3. [1950s] to gatecrash a party.

bust it (v.)

[2000s] (US) to ejaculate.

bust on (v.)

1. [1960s] (US) to hit, to attack; as phr. bust on someone’s ass.

2. [1960s+] (US) to criticize.

3. [1990s+] (US black) to inform against someone.

bust one’s ass (v.) (also bust one’s arse, …behind, …britches, ...buns, ...butt, ...conk, ...gun, ...pants) [ass n. (4)/arse n. (4)/behind n. (1)/buns n. (3)/butt n.1 (1c)/ conk n.1 (6) / SE pants]

1. [1930s+] to work extremely hard, to put in a great effort; thus busted-ass adj., hardworking.

2. [1940s+] (orig. US) to get injured (esp. in a car or similar crash).

bust out

see separate entries.

bust rhymes (v.) (also bust a rhyme)

[1980s+] (rap music) to work as a rap musician, DJ or MC.

bust slugs (v.)

[1990s+] to fire a gun.

bust someone down (v.)

[1950s] (US) to disparage.

bust someone out (v.)

[1970s+] (US black) of a man, to have sexual intercourse with someone, to bring to orgasm.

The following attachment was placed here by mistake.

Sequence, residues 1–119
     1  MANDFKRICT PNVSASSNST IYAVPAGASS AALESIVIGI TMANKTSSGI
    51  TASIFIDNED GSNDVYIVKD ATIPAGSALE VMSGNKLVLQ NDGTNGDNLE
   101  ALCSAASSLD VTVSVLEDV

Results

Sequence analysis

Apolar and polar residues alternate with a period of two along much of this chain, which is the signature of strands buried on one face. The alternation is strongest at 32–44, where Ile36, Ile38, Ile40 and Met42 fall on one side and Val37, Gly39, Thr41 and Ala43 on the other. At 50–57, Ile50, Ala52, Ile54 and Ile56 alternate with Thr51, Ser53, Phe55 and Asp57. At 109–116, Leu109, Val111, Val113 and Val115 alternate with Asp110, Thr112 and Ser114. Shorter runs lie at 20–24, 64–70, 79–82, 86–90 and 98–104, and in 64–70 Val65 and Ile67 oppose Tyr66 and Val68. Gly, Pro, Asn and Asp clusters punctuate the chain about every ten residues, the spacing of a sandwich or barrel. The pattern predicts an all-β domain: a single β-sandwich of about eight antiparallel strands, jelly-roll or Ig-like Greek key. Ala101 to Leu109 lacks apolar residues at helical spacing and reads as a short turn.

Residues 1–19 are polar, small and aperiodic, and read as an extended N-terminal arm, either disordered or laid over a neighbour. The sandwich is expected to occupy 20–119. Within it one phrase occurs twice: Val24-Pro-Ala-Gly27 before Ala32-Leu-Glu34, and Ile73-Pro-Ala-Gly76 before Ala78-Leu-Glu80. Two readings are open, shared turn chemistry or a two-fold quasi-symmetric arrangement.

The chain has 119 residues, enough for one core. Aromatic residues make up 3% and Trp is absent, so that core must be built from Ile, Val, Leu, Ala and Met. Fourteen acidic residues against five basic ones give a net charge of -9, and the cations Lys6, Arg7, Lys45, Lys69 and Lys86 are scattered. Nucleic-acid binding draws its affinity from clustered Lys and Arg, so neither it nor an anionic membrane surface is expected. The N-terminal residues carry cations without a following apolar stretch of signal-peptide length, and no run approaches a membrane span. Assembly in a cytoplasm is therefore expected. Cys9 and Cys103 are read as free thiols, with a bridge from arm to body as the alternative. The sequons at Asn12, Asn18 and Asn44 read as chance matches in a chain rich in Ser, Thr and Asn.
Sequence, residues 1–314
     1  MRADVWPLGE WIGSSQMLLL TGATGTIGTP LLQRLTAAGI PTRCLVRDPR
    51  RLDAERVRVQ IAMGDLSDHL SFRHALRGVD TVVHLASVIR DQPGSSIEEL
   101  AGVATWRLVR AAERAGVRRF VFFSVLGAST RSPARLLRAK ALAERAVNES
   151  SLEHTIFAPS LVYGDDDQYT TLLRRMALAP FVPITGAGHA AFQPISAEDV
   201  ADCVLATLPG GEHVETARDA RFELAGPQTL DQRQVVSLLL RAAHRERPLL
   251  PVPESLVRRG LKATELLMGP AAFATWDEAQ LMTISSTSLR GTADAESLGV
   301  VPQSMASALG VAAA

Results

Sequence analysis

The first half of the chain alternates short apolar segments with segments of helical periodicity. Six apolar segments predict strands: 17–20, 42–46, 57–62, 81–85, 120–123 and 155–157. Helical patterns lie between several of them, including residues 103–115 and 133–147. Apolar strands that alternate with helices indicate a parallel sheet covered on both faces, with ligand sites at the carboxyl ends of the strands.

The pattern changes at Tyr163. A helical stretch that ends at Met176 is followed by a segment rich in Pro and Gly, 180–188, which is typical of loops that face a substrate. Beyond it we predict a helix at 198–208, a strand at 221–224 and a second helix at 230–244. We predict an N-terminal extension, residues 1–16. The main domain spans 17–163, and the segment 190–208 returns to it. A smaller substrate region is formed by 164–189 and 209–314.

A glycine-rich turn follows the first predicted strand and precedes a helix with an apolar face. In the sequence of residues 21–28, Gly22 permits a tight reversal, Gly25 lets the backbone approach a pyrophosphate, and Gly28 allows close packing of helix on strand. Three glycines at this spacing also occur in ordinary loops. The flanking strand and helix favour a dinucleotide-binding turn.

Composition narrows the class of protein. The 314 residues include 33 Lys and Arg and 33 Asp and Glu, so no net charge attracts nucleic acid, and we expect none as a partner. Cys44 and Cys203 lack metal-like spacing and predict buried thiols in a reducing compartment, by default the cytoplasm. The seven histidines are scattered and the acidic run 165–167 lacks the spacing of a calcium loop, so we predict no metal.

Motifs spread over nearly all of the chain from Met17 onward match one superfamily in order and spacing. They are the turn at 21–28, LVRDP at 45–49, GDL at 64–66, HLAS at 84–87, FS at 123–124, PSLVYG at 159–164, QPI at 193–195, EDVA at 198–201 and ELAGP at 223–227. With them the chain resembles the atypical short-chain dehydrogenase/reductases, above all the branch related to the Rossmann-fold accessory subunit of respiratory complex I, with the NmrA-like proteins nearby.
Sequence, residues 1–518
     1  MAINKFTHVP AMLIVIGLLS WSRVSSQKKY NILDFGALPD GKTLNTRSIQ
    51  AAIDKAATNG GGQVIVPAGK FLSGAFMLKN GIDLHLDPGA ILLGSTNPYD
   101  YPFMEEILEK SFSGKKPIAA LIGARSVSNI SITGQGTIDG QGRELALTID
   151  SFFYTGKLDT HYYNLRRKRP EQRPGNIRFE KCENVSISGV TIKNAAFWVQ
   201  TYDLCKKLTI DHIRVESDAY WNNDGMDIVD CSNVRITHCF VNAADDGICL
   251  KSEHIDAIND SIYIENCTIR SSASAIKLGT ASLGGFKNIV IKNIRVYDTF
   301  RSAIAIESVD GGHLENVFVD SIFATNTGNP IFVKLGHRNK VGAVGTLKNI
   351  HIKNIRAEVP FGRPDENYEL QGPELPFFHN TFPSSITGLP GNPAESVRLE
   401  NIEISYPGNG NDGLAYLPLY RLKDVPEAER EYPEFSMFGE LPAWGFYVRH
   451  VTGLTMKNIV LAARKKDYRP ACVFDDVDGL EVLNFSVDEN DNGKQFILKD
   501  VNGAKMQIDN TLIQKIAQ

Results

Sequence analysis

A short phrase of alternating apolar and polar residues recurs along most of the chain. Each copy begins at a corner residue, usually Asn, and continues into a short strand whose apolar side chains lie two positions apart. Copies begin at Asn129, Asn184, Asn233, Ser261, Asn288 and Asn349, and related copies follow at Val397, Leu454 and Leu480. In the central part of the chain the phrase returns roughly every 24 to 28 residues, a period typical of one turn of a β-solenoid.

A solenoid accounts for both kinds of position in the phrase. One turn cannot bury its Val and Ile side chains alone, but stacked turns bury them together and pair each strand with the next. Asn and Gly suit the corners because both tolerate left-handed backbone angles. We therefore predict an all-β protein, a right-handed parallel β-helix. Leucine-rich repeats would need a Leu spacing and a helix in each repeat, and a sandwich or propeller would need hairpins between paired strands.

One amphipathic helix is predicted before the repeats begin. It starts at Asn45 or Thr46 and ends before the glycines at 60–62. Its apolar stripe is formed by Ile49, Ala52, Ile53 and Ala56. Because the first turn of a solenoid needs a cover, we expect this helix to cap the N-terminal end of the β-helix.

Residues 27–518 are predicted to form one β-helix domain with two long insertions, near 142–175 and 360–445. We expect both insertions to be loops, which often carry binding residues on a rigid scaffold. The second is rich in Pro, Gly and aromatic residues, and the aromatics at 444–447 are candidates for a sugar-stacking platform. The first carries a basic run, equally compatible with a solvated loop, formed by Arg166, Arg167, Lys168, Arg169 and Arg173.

bust someone’s ass (v.) [ass n. (4)]

1. [1930s+] (orig. US, also can someone’s ass) to beat up, to attack physically.

2. [1960s+] (US) to harass, to nag, to annoy.

3. [1970s] (US) to arrest.

4. [2000s] (US) to sodomize.

5. [2000s] (US) to exhaust oneself working.

bust someone’s horns (v.)

[1980s+] (US) to goad, to annoy someone.

bust someone up (v.)

[mid-19C+] to beat someone up, to hurt someone in a fight.

bust up

see separate entries.

In exclamations

bust a frog!

[mid-19C–1930s] (Cockney) a mild excl.

bust it! (also bust it all!)

1. [late 19C+] an excl. of annoyance, frustration.